A reef aquarium today, barring the desire to create specific niche environments, should be a more sparse landscape of hard substrate (live rock). Open architecture consisting of various pillars, mounds, buttresses, channels and caves provide a more natural framework for the organisms generally kept in such tanks. Water flow can circulate in and around such formations unimpeded, providing the very important water flow that contributes to the health of the inhabitants, including fish, corals, sponges, and invertebrates. The opened architecture allows for better coralline algae growth, exposes more surfaces to light, and allows for more numerous, accurate, and beneficial placements of corals and sessile invertebrates. It is important to remember that corals, sponges, and many other filter feeding invertebrates are also highly efficient water filters and purifiers. They contribute to, as well as depend on, high quality water. Live rock, excepting the biodiversity and waste processing abilities of various small organisms and bacteria living within the interstices and pore spaces of rock, is a mostly passive substrate. Corals and other filter feeders, in contrast, actively remove organic material such as dissolved nutrients and detritus from the water as a food source. They also harbor large populations of productive bacteria on their surfaces that further contribute to heightened water quality. In total, open architecture contributes to a vastly more successful and productive community and reef aquarium. As such, it is more functional, more natural, more attractive, and—as an added bonus—less expensive.
On the other end of the spectrum are specialized niche habitats. These aquaria are based on the replication of smaller or specialized area of a reef or reef-associated area. As examples, mangroves, seagrass beds, sand flats, caves, or even tanks centered around a few organisms (i.e. a stand of Acropora or a large anemone) are subject to their own set of rules. These niche-type habitats should be encouraged as closed water volumes often stocked with animals that eventually grow much larger than the aquarium are more natural replicates of the natural environment and, often, are also more successful as unnatural pairings resulting in competition are minimized and appropriate habitat maximized. Each of the examples above has a plethora of available organisms to create a realistic aquascape and maintain a healthy environment for its inhabitants. The costs may also be much less, depending on the habitat that is designed. Such habitats should be planned in advance and carefully designed and researched to determine the nature and types of organisms that would ordinarily be found in such environments. I also feel that reproductive behavior might be more likely than in “garden tanks” where every type of reef species is forced to occupy the same, and often very unnatural, confined space.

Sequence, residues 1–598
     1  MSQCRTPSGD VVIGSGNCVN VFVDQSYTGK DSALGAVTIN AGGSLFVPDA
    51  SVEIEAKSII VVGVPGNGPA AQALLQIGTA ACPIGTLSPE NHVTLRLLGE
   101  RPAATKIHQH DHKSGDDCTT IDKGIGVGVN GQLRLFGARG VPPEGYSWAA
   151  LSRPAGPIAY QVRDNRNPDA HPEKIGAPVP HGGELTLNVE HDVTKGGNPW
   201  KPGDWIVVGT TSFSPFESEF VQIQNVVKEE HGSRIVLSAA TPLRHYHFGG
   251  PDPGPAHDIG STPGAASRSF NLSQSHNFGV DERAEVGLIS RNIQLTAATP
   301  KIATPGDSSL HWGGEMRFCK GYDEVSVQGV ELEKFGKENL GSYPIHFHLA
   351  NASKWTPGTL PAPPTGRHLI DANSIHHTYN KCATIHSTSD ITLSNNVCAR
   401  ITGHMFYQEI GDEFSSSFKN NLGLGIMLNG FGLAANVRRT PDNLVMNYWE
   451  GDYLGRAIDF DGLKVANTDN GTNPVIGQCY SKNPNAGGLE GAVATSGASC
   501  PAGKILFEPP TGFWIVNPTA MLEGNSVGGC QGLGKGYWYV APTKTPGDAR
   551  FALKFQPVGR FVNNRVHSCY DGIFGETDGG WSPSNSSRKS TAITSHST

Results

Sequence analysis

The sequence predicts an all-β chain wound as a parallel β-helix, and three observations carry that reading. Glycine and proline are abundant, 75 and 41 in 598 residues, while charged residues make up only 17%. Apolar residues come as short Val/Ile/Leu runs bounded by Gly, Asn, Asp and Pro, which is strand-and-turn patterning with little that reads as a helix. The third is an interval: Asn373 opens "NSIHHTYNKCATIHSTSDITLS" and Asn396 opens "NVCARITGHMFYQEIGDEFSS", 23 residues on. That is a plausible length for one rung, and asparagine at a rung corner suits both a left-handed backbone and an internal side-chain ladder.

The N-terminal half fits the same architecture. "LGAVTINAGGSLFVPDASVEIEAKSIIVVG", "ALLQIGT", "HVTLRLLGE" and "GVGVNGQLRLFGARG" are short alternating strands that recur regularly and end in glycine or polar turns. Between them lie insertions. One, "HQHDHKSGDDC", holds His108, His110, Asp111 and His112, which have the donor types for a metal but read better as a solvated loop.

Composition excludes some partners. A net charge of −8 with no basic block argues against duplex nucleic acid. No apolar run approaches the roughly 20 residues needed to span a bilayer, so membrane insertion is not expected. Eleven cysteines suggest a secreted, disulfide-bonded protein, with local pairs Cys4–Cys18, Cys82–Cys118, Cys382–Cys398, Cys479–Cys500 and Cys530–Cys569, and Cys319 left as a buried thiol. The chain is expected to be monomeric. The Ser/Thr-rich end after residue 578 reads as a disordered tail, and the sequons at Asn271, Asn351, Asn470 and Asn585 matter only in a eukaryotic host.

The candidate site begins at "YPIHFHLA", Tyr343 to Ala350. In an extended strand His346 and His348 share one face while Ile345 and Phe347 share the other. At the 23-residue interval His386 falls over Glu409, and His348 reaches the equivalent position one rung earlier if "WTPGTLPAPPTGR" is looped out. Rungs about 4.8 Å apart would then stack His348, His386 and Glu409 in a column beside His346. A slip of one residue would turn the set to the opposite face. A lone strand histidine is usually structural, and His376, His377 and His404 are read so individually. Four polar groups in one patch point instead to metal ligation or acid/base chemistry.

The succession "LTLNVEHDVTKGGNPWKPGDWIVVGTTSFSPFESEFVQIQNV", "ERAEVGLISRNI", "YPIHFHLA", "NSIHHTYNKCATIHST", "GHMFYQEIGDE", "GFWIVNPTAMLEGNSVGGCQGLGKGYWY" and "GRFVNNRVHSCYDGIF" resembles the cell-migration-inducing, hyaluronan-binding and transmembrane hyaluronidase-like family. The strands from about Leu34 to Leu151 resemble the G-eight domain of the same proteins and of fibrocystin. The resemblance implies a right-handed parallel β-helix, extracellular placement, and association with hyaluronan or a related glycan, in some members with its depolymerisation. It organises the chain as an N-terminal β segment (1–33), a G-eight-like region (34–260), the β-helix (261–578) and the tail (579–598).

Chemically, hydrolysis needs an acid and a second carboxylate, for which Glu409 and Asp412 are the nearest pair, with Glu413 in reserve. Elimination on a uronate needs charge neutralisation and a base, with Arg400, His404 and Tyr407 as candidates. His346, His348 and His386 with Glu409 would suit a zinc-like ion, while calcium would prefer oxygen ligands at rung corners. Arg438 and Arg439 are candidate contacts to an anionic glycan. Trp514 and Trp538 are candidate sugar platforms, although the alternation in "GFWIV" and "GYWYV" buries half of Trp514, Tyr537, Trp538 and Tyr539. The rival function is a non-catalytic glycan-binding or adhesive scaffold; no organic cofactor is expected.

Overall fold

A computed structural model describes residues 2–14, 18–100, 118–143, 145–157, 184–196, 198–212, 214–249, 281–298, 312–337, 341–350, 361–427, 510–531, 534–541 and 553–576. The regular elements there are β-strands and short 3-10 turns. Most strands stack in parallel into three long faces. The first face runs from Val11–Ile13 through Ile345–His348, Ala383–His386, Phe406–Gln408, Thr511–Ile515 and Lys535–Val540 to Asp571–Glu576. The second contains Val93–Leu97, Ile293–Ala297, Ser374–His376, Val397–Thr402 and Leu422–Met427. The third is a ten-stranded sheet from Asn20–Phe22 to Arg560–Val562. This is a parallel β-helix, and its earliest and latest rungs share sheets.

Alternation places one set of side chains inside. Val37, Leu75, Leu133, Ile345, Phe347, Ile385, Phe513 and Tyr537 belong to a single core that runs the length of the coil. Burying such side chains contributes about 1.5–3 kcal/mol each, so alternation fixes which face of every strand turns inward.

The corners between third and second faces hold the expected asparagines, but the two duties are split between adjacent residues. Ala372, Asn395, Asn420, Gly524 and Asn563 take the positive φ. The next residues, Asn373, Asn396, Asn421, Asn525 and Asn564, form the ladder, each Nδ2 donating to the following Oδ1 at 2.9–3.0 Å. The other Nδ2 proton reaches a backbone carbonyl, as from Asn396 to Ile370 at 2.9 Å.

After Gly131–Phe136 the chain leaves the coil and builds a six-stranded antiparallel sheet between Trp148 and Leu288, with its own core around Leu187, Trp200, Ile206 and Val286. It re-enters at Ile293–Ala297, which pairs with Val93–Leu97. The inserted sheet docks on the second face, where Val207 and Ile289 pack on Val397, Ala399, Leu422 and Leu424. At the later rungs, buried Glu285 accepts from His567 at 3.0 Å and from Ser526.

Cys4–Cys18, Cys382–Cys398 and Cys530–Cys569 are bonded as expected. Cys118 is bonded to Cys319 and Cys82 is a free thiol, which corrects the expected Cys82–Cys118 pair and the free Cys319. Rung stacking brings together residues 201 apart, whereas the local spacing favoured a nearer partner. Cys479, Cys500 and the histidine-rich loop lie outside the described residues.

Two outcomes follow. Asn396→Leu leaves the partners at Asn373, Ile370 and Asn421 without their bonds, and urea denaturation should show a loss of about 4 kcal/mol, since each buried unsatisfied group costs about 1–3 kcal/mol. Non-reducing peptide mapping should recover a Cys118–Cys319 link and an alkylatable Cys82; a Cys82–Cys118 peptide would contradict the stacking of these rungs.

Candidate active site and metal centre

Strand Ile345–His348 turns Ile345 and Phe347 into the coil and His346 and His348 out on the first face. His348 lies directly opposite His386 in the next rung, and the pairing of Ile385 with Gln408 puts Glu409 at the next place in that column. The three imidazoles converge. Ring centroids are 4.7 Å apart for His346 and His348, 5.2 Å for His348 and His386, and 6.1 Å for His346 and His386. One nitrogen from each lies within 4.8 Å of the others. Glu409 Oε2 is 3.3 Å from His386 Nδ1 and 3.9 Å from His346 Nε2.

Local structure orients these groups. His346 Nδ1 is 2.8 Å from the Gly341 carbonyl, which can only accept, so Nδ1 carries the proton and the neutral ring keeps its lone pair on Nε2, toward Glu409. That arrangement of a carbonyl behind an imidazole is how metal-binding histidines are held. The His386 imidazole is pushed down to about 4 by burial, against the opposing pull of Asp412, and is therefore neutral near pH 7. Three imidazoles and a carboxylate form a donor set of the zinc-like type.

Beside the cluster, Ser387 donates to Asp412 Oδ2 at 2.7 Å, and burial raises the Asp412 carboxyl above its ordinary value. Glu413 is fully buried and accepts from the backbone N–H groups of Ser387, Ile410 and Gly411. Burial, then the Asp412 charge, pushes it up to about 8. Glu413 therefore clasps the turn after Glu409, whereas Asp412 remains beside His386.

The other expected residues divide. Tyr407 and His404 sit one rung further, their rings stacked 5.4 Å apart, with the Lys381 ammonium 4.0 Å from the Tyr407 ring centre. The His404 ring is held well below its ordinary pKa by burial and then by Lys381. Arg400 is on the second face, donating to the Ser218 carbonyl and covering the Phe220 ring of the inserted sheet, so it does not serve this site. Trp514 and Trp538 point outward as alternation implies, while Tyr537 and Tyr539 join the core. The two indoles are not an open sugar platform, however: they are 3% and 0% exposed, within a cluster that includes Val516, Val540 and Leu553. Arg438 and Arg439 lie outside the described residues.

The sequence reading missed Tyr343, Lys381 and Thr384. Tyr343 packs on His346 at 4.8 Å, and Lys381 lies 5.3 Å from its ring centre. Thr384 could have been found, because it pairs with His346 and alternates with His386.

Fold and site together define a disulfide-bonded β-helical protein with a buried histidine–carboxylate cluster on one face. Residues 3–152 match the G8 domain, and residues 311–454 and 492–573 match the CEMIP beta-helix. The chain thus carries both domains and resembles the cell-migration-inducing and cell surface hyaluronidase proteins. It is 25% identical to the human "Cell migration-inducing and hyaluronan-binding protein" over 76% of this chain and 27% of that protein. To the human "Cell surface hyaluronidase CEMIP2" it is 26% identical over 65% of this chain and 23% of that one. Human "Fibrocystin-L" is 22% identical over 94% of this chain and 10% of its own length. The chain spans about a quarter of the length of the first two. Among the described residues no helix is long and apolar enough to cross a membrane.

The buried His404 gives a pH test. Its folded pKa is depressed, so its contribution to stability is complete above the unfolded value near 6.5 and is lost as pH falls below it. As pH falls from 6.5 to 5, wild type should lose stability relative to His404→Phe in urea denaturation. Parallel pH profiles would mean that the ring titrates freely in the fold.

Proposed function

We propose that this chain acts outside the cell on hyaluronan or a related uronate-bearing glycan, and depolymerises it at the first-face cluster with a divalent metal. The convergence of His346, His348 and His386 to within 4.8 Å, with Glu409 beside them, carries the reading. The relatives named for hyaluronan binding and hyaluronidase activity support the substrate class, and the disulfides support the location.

Public aquaria have recognized the benefits of such niche displays for decades, and while the aquarist may see limitation in their ability to stock all the species they desire, the niche tank can often be done on a smaller scale, and perhaps multiple tanks rather than one large tank will satisfy such desires in a more productive, natural and effective manner. In my own case, I have connected such individual habitat tanks together, separating them by spatial dividers while maintaining a common water column.
Whatever the solution, the individual needs of the aquarist should be carefully considered, and the habitat designed around those needs. It is far more attractive and desirable to “build” the aquascape to mimic the natural environment and then introduce the appropriate species that simply to buy a tank and equipment and then begin stocking it by throwing in any species that has aesthetic appeal.
Eric Borneman is the author of Aquarium Corals.